Humans have been trying to improve their own condition for as long as there have been humans. Collectively defining acceptable behaviors is a never-ending task. Does that mean we should not undertake it? Absolutely not!
Writing down ethics isn't about spreading falsehoods, it's about cooperation. Cooperation involves compromise:
> AI Ethical research can never be an accurate representation of the majority of humanity - or even the majority of its users! If it can it is not sustainable for any long period of time.
Laws can never be an accurate representation of the majority of humanity - or even the majority of its users! If it can it is not sustainable for any long period of time.
Culture can never be an accurate representation of the majority of humanity - or even the majority of its users! If it can it is not sustainable for any long period of time.
Morals can never be an accurate representation of the majority of humanity - or even the majority of its users! If it can it is not sustainable for any long period of time.
Do you see the pattern? Things change, that's normal. We still have laws, and culture and morals, but we adapt them to our needs. Are you suggesting we should simply reject anything that changes? You won't be left with much.
I'm still very much interested in improving my own condition. That includes pushing people to behave in ways which I think would do that. People have different interests and their condition is often at odds with other people's condition. This is the foundational difficulty of living in a society of more than 1 individual. Yet we 8 billion humans still manage to be fairly successful at it. I wonder why?
Cultures and morals change. Does that make the morals of the past falsehoods? Of course not. They're just different perspectives on the human condition, probably best suited to the material conditions of the past.
Calling someone today is often seen as rude when a text would suffice. This is due to our material conditions, the ubiquity of cellphones.
> It would be better to just admit ...
You're suggesting we should admit defeat? Give up and let Google maximize profit? AI is a wonderful tool that could improve the material conditions of most of humanity if used correctly. It could also be devastating. I'd rather it not be devastating, so I'm going to continue supporting people who try to do research into aligning AI with whatever ethics we collectively agree on.
> I don't think we are actually better off morally now then 50 years ago
This is pretty sad.
Don't confuse your own cynicism vis-à-vis big tech with some nihilistic historical inevitability. The global improvement of the material conditions of people in the last 50 years have enabled us to start asking for ourselves what morals we actually want on a global scale, rather than this exercise being left solely to a self-interested elite.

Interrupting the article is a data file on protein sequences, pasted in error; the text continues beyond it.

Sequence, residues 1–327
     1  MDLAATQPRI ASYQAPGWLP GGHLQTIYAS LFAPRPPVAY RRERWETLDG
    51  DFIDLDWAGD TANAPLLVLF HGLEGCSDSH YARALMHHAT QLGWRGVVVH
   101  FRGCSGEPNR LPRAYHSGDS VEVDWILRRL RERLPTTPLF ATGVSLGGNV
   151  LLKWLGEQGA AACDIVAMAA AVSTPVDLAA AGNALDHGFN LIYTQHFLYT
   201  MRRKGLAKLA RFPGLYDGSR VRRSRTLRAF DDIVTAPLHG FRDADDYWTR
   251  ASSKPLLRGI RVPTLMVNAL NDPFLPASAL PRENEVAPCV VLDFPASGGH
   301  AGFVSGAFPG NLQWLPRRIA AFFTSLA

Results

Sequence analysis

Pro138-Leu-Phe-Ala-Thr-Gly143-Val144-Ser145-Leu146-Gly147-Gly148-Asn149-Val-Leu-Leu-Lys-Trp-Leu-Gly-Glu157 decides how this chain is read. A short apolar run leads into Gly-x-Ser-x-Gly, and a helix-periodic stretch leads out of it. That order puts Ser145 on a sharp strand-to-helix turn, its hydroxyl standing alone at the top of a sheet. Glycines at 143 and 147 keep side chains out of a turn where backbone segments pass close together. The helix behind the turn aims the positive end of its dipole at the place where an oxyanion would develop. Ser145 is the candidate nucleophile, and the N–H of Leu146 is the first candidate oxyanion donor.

Regardless of how better off morally _you_ think we are or aren't now, the space of collective possibilities is now immensely larger, whether you like it or not. That, is wonderful.
Starting from that point, what do you expect from a discussion? What kind of information would lead you to think again about the situation?
People say that AGI is still far away, but I haven't seen any results of being able to contain the harm AGI can do to us humans.
What these researchers are doing is the easy part of AI ethics.
How much money something can make is not a good arbiter of how important it is
e.g. the hippocratic oath
Gebru has very publicly got into fights with Yann LeCunn and now with Jeff Dean. If you are building AI, who would you rather build your team around, Dean/LeCunn or Gebru? If you are an AI researcher, do you want a join a team where one of the team members is in the habit of aggressively accusing other researchers of racism? Would you be worried that your research might fall within their crosshairs for some reason or another? For example, if you are working on natural language research, and your model ends up doing better with Indo-European languages versus those from other families, do you want to be accused of propagating racist power structures on Twitter?
Is this really true? I don't see ethics in ML papers getting the same attention in major conferences as theoretical or experimental breakthroughs in deep / reinforcement learning.
Don't get me wrong, ethics could be hot outside the ML academia, but I very much doubt it's something majority of grad students in ML are dying to get into.
I would argue it’s a Public Relations field.